AUGUSTA, Maine — Maine’s decade-long resistance to a controversial federal identification law is drawing closer to an end following a vote in the House of Representatives Tuesday.
The House voted 115-30 on a bill that would comply with the Real ID law, while also allowing Mainers to individually opt out.
The bill is designed to make Maine drivers’ licenses align with the federal identification law, which was passed after the 9/11 terrorist attacks and established minimum security standards for state-issued identification cards. Maine has resisted complying with the law because of cost, constitutionality and privacy concerns.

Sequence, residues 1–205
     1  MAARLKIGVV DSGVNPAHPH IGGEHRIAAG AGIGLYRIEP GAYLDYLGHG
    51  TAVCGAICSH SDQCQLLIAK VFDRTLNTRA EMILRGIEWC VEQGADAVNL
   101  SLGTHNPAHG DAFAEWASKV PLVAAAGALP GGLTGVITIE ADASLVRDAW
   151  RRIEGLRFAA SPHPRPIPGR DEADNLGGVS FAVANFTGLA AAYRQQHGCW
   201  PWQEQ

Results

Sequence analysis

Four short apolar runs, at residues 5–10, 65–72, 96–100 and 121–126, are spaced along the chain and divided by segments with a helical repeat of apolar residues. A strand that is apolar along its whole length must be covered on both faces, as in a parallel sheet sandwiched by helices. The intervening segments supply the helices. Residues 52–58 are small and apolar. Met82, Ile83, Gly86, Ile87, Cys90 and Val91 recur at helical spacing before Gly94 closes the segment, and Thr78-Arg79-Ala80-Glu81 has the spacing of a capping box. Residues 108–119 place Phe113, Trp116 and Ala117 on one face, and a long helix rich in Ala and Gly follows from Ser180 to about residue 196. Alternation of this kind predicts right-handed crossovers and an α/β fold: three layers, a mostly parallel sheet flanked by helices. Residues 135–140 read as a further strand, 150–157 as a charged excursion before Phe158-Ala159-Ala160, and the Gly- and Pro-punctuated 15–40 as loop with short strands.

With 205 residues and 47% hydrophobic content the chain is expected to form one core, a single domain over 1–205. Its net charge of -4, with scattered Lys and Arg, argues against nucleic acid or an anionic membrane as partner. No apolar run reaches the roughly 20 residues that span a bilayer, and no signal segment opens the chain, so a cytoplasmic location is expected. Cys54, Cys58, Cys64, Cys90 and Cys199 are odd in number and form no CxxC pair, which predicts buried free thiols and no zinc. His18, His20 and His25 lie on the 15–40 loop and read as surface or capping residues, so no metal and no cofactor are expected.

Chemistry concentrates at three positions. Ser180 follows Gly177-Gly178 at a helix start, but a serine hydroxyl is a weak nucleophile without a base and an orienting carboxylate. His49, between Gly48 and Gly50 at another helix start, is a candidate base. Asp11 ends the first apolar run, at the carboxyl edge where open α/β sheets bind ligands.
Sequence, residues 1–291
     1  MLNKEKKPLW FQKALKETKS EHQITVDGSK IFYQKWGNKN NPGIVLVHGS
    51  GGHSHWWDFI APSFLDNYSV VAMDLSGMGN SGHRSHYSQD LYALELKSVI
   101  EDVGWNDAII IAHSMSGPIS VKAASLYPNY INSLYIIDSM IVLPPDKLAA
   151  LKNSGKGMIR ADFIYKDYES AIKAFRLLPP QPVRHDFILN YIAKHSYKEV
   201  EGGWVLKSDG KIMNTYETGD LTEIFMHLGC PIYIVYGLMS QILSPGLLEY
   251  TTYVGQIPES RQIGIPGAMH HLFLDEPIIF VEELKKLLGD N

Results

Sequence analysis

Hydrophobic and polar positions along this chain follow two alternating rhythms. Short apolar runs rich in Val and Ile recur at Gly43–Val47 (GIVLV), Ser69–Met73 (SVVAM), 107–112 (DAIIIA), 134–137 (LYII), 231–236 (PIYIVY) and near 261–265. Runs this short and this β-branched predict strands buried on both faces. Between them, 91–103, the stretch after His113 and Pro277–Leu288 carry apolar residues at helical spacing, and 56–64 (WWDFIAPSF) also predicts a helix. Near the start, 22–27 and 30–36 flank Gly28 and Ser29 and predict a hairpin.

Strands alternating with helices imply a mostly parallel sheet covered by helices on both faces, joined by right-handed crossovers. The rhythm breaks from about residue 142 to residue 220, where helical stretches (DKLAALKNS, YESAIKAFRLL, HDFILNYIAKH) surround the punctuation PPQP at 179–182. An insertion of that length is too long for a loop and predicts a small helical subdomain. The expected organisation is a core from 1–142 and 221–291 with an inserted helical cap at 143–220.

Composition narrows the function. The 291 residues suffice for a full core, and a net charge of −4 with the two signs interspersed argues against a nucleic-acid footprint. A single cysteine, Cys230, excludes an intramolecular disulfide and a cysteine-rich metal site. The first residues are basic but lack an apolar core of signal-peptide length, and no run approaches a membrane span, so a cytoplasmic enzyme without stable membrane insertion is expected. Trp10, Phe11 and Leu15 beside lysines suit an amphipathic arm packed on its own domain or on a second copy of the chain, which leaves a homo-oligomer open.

Rep. Gay Grant, a Gardiner Democrat, said the state should continue to resist Real ID. “Americans have a fundamental right to privacy,” she said. “Real ID infringes on that right.”
Supporters of the bill argued that noncompliance has already blocked Mainers from accessing federal facilities in other states. Come next year, Mainers could be prevented from boarding passenger flights if the state doesn’t comply.
It will cost the state nearly $4 million over the next few years to comply with Real ID. The bill moves to the Senate, where it won approval last week, 31-4.
This article appears through a media partnership with Maine Public.